Jake rides a red and gold cockroach on the Bug Carousel at the Bronx Zoo.
by Marianne A. Campolongo
Opened in 1899, the Bronx Zoo has delighted children and their parents for more than a century. It’s impossible to explore its 265 acres in a single day, but for those of us living in Westchester, it’s easy to visit often.
A Treat for All Ages
This summer, I visited with my friend Kelly and her children, 6-year-old Jake and 2-year-old Alexandria (“Alex”). First up was the Wild Asia Monorail. Riding above 40 lush acres of natural habitats, the children spotted rhinos in the water, turtles sunning themselves on rocks, a red panda asleep in a tree, elephants, and their favorites, the tigers. From there, we went to Tiger Mountain for a closer view as the huge cats cavorted in the water, cooling off on a hot summer’s day, quite a change from watching them play in the snow last winter.
Although the Wild Asia Monorail only runs May through October, Tiger Mountain and the Himalayan Highlands, home to red pandas and snow leopards, let you see the animals outdoors year round; the elephants are on view indoors during cold weather.
All Creatures Great and Small
Next stop was the Butterfly Garden, an indoor oasis with a carp pool and hummingbirds as well as exotic and domestic butterflies and moths. Though Alex looked startled when a zoo employee placed a luna moth on her dress, she couldn’t wait to tell her brother Jake all about it. Both children enjoyed popping their heads into c
utouts to pose as bumblebees as we left the garden. This seasonal exhibit stays open through October.
Fall Tricks and Treats
The crisp, cool days of autumn are an excellent time to visit. Many animals are more active in the cool weather, all the exhibits are open, and weekends bring Boo at the Zoo Halloween-themed entertainment (see page 20 for details). Enjoy the Haunted Safari Adventure (The World of Darkness becomes a spooky mansion), hayrides through “Creepy Hollows,” crafts, puppet shows, magic by David Levin, and games, dances and sing-alongs with Gigi and the Lend Me a Hand Band. Don’t forget a pillowcase to take home goodies from trick-or-treating locations around the zoo.
A western lowland gorilla at the Bronx Zoo.
by Marianne A. Campolongo
Giant Babies and Bouncing Bugs
Open year-round in a sheltered enclosure, the Bug Carousel was a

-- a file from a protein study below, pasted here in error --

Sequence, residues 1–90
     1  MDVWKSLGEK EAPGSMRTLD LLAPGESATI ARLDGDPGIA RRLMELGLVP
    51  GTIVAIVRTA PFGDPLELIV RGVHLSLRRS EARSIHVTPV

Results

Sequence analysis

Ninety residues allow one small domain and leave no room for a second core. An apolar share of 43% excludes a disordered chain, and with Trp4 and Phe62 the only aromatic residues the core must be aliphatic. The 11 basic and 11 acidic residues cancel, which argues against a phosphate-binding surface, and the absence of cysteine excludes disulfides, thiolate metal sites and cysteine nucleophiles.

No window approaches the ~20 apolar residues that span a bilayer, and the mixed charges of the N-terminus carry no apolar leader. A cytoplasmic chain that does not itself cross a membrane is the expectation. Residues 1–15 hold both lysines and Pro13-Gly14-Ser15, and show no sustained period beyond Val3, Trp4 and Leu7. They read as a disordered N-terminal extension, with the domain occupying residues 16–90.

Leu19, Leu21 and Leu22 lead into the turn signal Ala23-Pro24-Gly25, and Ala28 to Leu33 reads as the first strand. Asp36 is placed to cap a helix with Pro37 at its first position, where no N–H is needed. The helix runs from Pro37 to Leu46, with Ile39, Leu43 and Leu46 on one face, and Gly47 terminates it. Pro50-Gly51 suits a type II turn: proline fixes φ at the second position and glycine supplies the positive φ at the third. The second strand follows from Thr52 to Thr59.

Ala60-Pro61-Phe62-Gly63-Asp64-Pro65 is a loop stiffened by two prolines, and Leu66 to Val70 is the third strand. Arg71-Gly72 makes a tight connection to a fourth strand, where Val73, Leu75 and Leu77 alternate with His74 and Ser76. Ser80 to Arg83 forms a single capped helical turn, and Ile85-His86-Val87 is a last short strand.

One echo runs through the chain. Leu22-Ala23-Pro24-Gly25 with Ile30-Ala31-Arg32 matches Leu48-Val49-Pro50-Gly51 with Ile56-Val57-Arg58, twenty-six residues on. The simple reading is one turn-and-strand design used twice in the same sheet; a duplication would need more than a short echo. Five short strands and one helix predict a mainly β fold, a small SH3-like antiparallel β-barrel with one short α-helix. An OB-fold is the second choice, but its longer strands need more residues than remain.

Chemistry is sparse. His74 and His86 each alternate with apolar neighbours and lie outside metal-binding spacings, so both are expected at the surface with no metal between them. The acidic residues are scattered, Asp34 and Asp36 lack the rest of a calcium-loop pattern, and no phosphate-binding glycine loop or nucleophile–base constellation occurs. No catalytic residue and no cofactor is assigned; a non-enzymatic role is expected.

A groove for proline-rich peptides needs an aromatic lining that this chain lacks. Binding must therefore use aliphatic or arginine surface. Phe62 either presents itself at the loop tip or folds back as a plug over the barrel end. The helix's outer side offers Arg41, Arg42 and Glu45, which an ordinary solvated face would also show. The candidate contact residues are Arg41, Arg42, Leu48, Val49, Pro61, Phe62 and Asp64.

big hit. Jake took several turns riding up and down on various outsized bugs. As we sauntered through the African Plains, on our way to the carousel, peacocks wandering freely, baby giraffes towering over the human grown-ups and a pair of lions enthralled the children. There was so much to do that we never made it to the Children’s Zoo or several other exhibits.
I’m not sure who had more fun, me or the children. Today’s zoo with open fields and un-caged animals is very different from the zoo I grew up with, but despite the changes it still has the same feel – wonderful turn-of-the-century architecture, ancient trees, lazy winding paths and rushing waterfalls. It’s nice to know that along with preserving wildlife, they have preserved that classic charm.
Marianne A. Campolongo is a freelance writer and photographer who shot her first roll of film at the Bronx Zoo at the age of 6. You can see more recent Zoo pix at www.campyphotos.com.
When You Go …
Bronx Zoo – 2300 Southern Blvd., Bronx, NY. 718-220-5100; www.bronxzoo.com.
Hours: (March 31-Nov. 4) Monday-Friday 10 a.m.-5 p.m., Weekends/Holidays until 5:30 p.m.; (Nov. 5-March 29) 10 a.m.-4:30 p.m.
Admission: General Admission (year-round): $16.95 adults, $11.95 children ages 3-12, free for ages 2 and under.
Yearly Membership includes free admission to the Bronx Zoo, New York Aquarium, Central Park Zoo, Prospect Park Zoo, Queens Zoo and other benefits $129/family, $169/premium (adds parking, guest pass and attractions).
Admission is free on Wednesdays with a suggested donation (parking and attractions are extra).